Barely one year to the 2022 General Election, a petitioner wants Parliament to amend the Constitution and set a two-term limit for Members of Parliament and county assembly members.
The petitioner, Jonah Gachuki, argues that it is discriminatory to set term limits for the president and governors and allow lawmakers at the National Assembly and county levels to serve for limitless periods as long as they win in elective contests.Speaker Justin Muturi Bars MPs from Discussing Motion Seeking to Scrap Off CBC
The petition seeks Parliament's initiative in amending Articles 102, 148 and 180 of the Constitution to set the term limits for the MPs and MCAs.
On Tuesday, October 5, Speaker Justin Muturi directed the Justice and Legal Affairs Committee (JLAC) to consider it.
''Having determined that the matters raised by the petitioner are well within the authority of the House, I order that under the provision of Standing Orders 227 (1) the petition be committed to the departmental committee on Legal Affairs,'' Muturi said.
But as it appears, the petition is seemingly dead on arrival, with MPs dismissing it even before JLAC considers it.
''I think the committee should be spared from this kind of petition that they have more work to look into,'' said Robert Pukose (Entebbess).
Citizen TV reports that Pukose was seconded by his Kipiriri counterpart Amos Kimunya who observed that the petitioner would not go far with the document.Kenyan Newspapers Review: William Ruto Blames State House For Turning Down Bishops' Call For Dialogue
''The petitioner is within his rights, but we need to advise him he is not likely to go far with this kind of petition,'' said Kimunya, the House Majority Leader.
More and more lawmakers sealed its fate before it reached the relevant committee.
''The reason why the terms of president and governors were capped was that these are CEOs of the Republic and the county. The rest of them, including us, are just there,'' said George Murugara (Tharaka).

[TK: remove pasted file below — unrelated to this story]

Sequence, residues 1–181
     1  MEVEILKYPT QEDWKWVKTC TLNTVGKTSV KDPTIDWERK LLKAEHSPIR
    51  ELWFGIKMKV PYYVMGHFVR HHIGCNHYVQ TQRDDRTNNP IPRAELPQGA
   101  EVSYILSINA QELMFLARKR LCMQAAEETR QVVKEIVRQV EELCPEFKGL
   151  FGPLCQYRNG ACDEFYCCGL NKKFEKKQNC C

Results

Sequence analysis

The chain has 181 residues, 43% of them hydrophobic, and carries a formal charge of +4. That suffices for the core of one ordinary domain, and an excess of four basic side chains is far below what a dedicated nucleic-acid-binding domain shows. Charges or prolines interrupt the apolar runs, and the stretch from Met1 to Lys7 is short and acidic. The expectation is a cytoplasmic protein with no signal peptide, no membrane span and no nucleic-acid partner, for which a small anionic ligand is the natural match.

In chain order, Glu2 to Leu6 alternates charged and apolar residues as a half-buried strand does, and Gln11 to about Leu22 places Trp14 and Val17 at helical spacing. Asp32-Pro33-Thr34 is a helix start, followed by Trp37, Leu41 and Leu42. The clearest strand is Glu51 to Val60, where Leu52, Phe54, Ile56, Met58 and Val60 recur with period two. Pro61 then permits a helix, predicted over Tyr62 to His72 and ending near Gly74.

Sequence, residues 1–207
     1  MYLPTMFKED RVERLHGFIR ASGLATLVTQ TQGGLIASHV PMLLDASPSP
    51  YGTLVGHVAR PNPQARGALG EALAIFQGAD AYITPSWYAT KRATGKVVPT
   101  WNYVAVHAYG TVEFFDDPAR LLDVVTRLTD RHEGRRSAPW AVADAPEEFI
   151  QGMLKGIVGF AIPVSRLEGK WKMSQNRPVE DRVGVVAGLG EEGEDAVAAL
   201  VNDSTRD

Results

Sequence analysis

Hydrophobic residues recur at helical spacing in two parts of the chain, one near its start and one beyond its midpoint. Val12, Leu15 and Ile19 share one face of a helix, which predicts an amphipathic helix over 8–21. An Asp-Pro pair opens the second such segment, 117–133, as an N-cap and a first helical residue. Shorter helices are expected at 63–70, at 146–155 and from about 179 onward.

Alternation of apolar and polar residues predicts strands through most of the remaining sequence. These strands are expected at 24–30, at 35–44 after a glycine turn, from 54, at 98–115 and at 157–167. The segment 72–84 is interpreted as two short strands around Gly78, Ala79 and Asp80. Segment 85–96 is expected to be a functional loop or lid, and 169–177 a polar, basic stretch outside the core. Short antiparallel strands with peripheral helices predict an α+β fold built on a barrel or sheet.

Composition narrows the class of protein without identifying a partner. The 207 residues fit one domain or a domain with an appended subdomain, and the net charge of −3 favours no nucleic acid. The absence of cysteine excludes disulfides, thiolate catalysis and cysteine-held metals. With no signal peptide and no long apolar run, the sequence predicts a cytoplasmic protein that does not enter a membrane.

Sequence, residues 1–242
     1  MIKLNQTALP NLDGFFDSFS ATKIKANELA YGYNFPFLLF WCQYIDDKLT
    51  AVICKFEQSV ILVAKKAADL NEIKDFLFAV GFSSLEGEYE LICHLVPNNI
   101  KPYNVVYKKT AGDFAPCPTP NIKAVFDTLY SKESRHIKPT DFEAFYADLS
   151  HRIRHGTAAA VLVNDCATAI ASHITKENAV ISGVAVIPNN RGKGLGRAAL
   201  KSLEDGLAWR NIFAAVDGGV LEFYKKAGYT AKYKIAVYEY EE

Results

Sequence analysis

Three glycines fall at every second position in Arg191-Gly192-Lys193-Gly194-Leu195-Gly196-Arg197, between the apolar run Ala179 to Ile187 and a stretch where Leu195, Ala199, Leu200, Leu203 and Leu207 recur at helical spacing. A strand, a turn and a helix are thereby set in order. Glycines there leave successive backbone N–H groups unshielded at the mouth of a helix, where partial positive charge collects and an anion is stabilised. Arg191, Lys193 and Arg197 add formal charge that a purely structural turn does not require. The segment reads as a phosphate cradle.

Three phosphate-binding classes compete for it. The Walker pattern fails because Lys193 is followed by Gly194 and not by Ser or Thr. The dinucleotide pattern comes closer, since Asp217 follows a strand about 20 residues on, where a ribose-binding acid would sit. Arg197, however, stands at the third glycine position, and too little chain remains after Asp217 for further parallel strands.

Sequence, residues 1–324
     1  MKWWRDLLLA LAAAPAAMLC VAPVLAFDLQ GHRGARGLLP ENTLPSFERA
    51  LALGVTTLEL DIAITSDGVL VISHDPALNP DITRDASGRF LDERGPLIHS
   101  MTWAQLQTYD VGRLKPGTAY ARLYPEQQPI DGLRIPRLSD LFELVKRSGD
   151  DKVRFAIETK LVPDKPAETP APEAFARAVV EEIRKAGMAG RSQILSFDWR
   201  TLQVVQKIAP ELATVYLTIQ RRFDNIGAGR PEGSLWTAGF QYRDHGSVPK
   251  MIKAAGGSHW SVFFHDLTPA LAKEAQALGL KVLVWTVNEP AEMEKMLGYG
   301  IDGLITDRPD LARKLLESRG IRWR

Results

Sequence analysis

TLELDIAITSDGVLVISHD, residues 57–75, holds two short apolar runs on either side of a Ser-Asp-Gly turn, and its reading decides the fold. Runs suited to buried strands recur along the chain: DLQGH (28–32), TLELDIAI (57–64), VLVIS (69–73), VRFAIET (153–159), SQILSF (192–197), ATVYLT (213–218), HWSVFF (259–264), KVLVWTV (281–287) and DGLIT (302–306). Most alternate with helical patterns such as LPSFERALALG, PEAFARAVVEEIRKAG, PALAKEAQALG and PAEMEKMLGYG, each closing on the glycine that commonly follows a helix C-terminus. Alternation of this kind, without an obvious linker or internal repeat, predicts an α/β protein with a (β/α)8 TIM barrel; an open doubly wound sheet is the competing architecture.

Rarieda MP Otiende Amollo expressed optimism that the committee would throw out the petition.
''There are excellent historical legal, factual reasons why only the Office of the President and the governors were limited and not these other elective offices. Therefore, the committee will do itself great justice by dismissing this petition,'' said Amollo.
Currently, about 40 MPs in the two chambers have served for at least 15 years.
In the National Assembly, Jimmy Angwenyi (Kitutu Chache) is the longest-serving and in his fifth term now.Lee Kinyanjui Rubbishes Claims Raila Isn't Sellable in Mt Kenya: "Choices Are Strategic, Not Personal"
Samuel Moroto (Kapenguria), Maina Kamanda (nominated), Adan Keynan (Aldas) and Gideon Konchella (Kilgoris) have been in Parliament for over 20 years.
Their peers include Maoka Maore (Igembe North), Cecily Mbarire (nominated), Katoo Ole Metito (Kajiado South), Naomi Shaban (Taveta) and Wafula Wamunyinyi (Kanduyi), who have clocked four terms each.
In the Senate, Vihiga senator George Khaniri is serving his second term but has been a Parliamentarian since 1996 when he was elected in a by-election to succeed his late father, Nicodemus Khaniri.
Siaya senator James Orengo is also serving his second term in the Senate but first set foot in Parliament in 1980.
He was a member of the seventh, eighth and 10th Parliaments.
However, Imenti North MP Raheem Dawood differed with his colleagues, vowing to support the petition.
''This country, we tend to think that we have got a right to be elected every time, and I think there comes a time we need to give other people spaces as well. So if possible, let the petition be prosecuted, and I will be one of them who will be voting for it,'' said Dawood.
Muturi said that according to Standing Order 227, the committee does not need to table any report before the House but write back to the petitioner advising him on what they have found.